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Unless you live in a cave you have noticed the wind blowing this past week. Since last Thursday the wind has blown from the west, north to northeast through the weekend, then out of the southwest yesterday. This has formed wind slabs at all elevations and one may find windslab on any aspect particularly in steep, gully features where the snow has loaded in as the wind pushes snow across the slope.  Yesterday we observed some natural windslab avalanches and were able to easily release slabs with a stomp from the ski on north and east aspects. These windslabs are most likely to move at upper elevations where they are resting on firm, crusty bed surfaces. Again, with incoming weather this problem will become more sensitive and more dangerous. Short video of yesterdays windslabs⇒ https://youtu.be/DlDkP79sexE



Though they were thin on Monday; remember, this is what our new snow is landing on! 6,500' in E. Cabinets.

 

Avalanche Problem 3: Persistent Slab
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The buried surface hoar layer from mid-January may still be reactive between 5-6,000' in isolated locations. I would be most concerned about this weakness in the Purcell Range where the snowpack is thinner and observations from Flatiron last Thursday were still showing this layer to be propagating with moderate force. Pit results in the Cabinets have showed this weak layer to be non-reactive and difficult to find the past week. With the incoming storm snow there is the increased potential to "wake this layer up" with the added weight of the new storm snow.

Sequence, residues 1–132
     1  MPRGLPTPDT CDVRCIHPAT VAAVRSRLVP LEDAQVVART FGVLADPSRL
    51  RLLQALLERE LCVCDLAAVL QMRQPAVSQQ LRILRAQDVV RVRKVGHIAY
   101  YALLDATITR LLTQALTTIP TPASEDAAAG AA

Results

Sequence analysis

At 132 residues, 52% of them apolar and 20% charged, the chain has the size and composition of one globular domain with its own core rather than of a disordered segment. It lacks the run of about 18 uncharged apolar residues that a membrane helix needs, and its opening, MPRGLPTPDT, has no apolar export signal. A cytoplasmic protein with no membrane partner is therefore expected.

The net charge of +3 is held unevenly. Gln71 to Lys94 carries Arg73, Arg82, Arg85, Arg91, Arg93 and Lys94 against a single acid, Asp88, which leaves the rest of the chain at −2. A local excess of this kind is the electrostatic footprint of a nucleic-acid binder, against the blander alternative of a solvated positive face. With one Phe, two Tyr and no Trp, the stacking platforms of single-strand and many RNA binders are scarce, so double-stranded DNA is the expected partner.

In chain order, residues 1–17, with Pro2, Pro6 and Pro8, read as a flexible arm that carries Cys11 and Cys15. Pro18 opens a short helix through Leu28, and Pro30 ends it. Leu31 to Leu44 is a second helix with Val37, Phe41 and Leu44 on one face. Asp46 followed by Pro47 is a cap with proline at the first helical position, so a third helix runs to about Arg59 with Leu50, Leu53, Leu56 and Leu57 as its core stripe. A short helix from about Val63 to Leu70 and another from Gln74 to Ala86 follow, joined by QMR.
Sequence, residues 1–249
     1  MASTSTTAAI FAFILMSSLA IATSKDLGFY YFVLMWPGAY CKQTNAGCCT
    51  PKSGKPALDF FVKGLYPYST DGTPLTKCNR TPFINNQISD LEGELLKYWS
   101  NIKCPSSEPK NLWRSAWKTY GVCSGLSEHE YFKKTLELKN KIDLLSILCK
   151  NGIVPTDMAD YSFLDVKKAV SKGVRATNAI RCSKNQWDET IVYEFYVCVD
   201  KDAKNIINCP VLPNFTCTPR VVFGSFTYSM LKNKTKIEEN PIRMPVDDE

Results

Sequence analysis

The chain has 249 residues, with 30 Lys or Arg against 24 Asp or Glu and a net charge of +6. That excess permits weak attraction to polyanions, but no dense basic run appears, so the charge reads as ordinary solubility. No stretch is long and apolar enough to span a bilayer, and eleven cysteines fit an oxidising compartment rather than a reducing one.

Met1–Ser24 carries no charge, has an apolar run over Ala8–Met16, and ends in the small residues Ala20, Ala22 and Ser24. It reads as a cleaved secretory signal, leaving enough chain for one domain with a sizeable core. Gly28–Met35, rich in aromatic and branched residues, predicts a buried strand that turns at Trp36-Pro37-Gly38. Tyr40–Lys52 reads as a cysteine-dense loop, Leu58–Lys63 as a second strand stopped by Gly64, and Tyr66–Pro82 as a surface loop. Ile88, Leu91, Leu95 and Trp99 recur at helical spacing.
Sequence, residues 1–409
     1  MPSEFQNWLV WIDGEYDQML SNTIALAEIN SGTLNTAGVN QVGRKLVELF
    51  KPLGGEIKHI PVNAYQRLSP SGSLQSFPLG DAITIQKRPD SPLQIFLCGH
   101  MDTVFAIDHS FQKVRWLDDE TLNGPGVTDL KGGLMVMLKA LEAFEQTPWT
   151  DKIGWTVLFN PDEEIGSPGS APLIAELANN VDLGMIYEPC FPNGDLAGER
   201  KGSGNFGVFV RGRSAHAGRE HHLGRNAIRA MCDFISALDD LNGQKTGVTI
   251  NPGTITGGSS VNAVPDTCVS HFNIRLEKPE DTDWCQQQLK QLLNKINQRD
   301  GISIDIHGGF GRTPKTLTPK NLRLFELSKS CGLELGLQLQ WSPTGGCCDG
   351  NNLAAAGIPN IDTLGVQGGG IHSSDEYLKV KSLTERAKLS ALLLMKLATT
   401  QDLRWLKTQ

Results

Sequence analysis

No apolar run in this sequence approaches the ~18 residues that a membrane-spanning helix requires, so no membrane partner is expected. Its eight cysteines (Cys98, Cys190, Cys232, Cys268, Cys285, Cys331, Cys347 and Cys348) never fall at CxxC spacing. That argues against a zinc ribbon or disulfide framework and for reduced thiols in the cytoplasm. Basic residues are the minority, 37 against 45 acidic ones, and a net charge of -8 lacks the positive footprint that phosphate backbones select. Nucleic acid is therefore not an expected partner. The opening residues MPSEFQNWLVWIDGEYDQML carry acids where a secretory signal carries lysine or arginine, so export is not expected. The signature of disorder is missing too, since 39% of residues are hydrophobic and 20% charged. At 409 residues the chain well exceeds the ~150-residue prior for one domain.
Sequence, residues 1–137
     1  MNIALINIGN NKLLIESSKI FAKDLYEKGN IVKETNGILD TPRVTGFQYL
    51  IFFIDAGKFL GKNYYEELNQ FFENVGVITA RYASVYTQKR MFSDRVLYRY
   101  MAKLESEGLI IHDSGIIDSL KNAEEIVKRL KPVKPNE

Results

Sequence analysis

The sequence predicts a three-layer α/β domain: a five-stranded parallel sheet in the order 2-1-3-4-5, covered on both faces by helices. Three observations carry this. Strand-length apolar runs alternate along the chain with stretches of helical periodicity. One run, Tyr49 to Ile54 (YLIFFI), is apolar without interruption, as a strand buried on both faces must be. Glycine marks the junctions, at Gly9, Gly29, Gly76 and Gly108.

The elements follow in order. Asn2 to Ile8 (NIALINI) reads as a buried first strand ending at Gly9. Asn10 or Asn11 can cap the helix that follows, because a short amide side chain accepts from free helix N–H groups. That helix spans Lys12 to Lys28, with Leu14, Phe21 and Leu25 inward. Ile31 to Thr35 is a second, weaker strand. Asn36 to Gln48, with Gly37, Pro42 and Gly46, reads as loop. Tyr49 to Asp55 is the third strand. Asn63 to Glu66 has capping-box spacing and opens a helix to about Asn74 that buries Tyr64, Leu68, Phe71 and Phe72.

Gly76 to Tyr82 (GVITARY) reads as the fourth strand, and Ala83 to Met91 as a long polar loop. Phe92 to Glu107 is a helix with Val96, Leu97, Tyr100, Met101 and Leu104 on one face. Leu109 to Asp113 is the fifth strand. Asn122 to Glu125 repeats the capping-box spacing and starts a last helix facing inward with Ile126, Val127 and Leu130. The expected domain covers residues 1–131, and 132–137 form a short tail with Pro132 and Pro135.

advisory discussion

Today is a big weather day and we will be keeping a close eye on snowfall totals with the anticipation that the avalanche danger may rise to HIGH if the weather forecast manifests into a reality! What I observed yesterday was a snowpack that is fairly stable but has a lot of weakness near the surface that will make a poor resting place for the 1-2' of predicted snowfall. In gullies and near ridgelines we have thin and reactive windslabs, elsewhere the snow is very light, loose and cold. The new snow will likely come in at warmer temps and higher densities which will form an "upside down" scenario in the upper snowpack. So, continue to watch the weather and use patience with this new storm snow. Dial back your terrain selection and go play in lower angle timber away from the steep, wind loaded slopes.